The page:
by Contributing Writers, Posted August 26, 2014Admit it: there’s something unbeatable about sailing in your home waters. You know every tidal pattern, every obscured rock and every fluky habit of the wind. You could navigate with your eyes closed, though you’d never close your eyes, for fear of missing out on the scenery.
by Kate Laird, Posted August 8, 2014Eighty-some thousand miles and two children later, we crept up on Alaska from the west, sailing from Hokkaido, Japan, down the Aleutian chain in May aboard Seal, our 56-foot aluminum cutter.
by Betsy Crowfoot, Posted July 24, 2014To superstitious sailors, the ocean holds many perils—some more legendary than others. There’s the Kraken, that fearsome tentacled beast that drags ships into the ocean’s depths, the ghost ship Flying Dutchman, the cursed Bermuda Triangle and, of course, the Gulf of Tehuantepec.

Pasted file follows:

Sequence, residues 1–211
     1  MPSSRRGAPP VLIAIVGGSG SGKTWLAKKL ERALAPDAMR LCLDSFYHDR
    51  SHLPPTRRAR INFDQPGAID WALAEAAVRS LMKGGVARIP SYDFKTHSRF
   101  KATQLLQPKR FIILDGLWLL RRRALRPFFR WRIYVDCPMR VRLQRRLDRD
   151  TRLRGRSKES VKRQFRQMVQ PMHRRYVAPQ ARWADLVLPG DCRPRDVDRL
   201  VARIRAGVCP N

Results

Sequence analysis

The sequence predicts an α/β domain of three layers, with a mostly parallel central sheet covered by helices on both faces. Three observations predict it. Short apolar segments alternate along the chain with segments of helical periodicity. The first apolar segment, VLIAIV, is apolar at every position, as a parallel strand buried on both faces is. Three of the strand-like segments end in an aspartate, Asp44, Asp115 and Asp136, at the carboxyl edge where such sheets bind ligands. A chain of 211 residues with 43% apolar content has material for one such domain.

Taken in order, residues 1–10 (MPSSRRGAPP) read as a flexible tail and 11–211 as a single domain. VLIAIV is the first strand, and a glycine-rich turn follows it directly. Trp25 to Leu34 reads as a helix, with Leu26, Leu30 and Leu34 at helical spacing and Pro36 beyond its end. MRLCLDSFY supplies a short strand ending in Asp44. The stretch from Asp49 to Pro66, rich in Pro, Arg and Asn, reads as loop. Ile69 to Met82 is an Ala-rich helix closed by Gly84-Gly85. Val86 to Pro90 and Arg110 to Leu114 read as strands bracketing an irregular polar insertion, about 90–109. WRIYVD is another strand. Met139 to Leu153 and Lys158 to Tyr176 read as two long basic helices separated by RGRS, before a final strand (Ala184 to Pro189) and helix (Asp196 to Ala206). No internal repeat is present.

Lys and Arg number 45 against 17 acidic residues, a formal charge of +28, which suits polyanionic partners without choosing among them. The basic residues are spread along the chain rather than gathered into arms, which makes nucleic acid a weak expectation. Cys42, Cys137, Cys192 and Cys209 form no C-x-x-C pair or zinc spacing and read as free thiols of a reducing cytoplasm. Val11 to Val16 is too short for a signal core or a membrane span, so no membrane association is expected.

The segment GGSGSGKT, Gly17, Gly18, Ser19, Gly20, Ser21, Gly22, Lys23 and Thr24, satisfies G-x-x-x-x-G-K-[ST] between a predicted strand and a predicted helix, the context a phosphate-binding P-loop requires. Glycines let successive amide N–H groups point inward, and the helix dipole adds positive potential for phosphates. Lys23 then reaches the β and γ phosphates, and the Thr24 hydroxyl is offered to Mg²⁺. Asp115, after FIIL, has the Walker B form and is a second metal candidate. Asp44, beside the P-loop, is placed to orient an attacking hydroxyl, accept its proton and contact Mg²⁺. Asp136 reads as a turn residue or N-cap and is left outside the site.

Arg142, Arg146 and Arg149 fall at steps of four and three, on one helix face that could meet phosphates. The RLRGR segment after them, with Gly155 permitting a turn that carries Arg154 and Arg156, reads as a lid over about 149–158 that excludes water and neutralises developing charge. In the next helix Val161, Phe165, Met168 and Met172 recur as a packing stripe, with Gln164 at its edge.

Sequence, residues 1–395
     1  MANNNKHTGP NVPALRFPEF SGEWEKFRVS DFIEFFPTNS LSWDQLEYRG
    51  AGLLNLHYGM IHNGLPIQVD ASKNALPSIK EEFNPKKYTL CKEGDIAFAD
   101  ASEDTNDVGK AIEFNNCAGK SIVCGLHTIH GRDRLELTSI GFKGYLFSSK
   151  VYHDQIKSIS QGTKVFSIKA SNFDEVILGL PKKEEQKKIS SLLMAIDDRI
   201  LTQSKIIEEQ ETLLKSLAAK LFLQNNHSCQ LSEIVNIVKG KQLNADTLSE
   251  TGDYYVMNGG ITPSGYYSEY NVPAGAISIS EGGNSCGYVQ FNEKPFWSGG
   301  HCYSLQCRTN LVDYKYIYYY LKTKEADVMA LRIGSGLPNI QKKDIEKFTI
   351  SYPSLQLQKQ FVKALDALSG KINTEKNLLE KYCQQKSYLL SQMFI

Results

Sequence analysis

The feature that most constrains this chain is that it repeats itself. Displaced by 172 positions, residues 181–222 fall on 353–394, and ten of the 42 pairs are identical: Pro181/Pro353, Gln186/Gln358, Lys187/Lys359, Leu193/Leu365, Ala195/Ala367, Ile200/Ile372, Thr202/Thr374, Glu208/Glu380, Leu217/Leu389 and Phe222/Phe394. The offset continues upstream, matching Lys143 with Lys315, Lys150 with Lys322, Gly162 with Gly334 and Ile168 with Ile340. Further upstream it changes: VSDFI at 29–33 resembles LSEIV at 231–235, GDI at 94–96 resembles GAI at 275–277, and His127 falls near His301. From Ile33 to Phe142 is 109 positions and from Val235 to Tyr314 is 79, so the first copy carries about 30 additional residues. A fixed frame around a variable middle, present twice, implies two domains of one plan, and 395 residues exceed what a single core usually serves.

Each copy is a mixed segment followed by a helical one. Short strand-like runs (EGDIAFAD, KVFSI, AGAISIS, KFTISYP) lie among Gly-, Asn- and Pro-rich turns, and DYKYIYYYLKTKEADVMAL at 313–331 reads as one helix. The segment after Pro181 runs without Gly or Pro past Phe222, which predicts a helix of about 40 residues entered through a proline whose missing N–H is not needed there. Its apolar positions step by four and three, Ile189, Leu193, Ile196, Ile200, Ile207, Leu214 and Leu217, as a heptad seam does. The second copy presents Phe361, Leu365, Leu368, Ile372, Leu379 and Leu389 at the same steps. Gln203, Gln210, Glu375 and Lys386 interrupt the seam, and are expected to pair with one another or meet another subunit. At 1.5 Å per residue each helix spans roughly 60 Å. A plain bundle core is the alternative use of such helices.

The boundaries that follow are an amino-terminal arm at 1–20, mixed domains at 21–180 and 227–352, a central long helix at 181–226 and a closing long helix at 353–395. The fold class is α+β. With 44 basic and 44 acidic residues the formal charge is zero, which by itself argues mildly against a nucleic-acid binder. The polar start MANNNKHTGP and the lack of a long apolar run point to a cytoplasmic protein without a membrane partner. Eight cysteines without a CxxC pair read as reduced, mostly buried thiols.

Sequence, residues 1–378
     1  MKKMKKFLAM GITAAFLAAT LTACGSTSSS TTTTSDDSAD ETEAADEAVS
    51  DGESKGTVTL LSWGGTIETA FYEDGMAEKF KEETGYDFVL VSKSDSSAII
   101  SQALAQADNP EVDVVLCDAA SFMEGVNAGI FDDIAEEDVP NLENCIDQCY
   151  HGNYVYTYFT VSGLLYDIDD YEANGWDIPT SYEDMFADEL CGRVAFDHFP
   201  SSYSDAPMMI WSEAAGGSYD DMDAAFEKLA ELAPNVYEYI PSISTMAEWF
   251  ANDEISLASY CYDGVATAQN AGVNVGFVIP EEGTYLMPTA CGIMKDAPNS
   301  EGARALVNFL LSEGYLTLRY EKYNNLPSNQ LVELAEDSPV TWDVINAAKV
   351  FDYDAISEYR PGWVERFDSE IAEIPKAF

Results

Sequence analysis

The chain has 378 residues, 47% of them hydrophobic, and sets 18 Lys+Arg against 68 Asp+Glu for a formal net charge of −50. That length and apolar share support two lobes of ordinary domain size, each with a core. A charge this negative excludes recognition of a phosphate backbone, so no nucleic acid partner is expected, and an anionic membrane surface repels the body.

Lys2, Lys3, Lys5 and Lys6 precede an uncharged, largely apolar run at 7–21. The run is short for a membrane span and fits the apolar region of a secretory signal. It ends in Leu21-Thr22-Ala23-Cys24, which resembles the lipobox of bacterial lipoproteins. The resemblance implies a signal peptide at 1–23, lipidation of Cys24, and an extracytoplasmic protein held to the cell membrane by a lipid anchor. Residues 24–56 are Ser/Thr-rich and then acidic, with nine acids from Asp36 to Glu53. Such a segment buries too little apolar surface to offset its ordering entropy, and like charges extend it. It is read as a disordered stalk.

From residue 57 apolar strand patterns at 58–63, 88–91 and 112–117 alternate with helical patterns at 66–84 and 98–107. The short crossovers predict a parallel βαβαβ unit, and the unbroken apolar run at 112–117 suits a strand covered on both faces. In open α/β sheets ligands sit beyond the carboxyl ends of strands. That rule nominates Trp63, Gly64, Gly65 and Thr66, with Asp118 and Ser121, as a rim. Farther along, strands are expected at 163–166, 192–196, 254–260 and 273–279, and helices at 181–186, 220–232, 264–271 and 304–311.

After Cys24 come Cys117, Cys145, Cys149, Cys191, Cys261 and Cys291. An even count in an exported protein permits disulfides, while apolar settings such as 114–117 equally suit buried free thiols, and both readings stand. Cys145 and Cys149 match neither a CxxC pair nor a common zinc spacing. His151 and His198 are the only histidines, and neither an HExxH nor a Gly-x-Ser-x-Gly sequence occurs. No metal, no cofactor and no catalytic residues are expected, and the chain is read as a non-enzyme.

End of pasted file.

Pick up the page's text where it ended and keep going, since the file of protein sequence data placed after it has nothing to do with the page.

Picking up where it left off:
by Ellen Massey Leonard, Posted April 15, 2014Despite its accessible location in the northwestern Caribbean, Great Inagua, the southernmost island of the Bahamas, feels distant and isolated. Morton Salt Company owns about half of the land, and employs most of the inhabitants of Matthew Town, the island’s lone village. The other half of Great Inagua is a national park centered around Lake Windsor.
by vera cole, Posted March 27, 2014I was enjoying a sunset cocktail on Tutu, our chartered Lagoon 380, when a flock of birds descended, hoping for a handout. They perched on the grill, the lifelines, anywhere they could find a foothold.